Recovery isn't enough for SALT. Schoharie Area Long Term wants to move beyond recovery from Hurricane Irene and push the Schoharie Valley into renewal.
That was the theme SALT Executive Director Sarah Goodrich and others promoted on Thursday, the third anniversary of Irene, at a press conference in Blenheim.
With strong fundraising and the ability to attract and coordinate thousands of volunteers, SALT's been the leader in helping the Valley recover the past three years.
And although there's been substantial progress, recovery is incomplete. Of all the homes damaged, 73 percent are mostly restored, 12 percent were destroyed and won't be fixed, and 15 remain with work to be done.
"So we are not done," Ms. Goodrich said. "We have to commit and finish this."
Complete recovery isn't SALT's final goal, Ms. Goodrich said, adding that the Valley is at a crossroads.
"Are we saying, 'Recovery is it? Rebuild and stop?' Are we ready to stop here? Or do we aim higher?" Ms. Goodrich asked.
"Or do we use our devastation to release our potential?"
The press conference was in the shadow of the former Blenheim Presbyterian Church, the soon-to-be Blenheim Community Center. Blenheim developing a community center is a significant example of going beyond recovery, Goodrich said.
Blenheim speakers Thursday echoed Ms. Goodrich's enthusiasm. The community center, when finished, will be the first in Schoharie County, said Renee Grabowski, deputy town supervisor.
"We see wonderful changes coming and new ideas," Ms. Grabowski said, laughing while offering a jar for donations for the center.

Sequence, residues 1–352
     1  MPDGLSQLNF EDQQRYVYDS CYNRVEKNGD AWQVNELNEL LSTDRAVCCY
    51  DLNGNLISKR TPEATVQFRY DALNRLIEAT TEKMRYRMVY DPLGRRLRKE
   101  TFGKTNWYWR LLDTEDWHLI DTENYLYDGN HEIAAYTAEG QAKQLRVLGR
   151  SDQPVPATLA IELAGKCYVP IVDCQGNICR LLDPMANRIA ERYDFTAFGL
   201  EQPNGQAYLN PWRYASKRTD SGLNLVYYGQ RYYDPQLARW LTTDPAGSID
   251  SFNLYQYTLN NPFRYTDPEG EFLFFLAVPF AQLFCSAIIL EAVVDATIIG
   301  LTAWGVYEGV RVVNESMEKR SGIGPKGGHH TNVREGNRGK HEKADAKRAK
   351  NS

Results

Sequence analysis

Don Airey, chair of the Blenheim Long Term Community Recovery Committee, added that his town has more plans to move beyond recovery: A replaced Blenheim Covered Bridge, fitness park and hiking trail.
"Engagement is the key to everything we've accomplished in this county," Mr. Airey said.
Promoting attractions--outdoor recreation, specialty shops, farm stands and more--is essential, Ms. Goodrich said.
"We want to be doing more," she added. "The 'more' is our vision, where we want to be or we're going to be. Exciting ideas are flowing everywhere.
"SALT is a catalyst. We want to move into renewal."
Challenges lie ahead, Ms. Goodrich said: that the Valley has the image of "that flooded place," that the geographic spread of recovery is too large and that money is needed to continue.
"We know better and have to get the word out," she said of the "flooded place" image.
As for geographic spread, "It was always that way from the beginning. We knew that," she said.
"We have big visions, and big dollars will follow big visions," Ms. Goodrich said. "If we are committed, the dollars will follow."
Other speakers picked up on the pledge for recovery, then renewal.
"We are moving forward; we will not rest," Assemblyman Pete Lopez said. "We will build stronger, we will build better, and we will build smarter."
Congressman Chris Gibson said he'll be "a passionate ally" of SALT and the Valley.
"The resilience of the people here is on display," the Congressman said. "Lesser people would have folded."
Middleburgh Mayor Matthew Avitable touched on the redoubled effort but noted the past achievements.
"We're moving into a new phase," he said, "but nothing would have happened without people doing so much and asking for so little."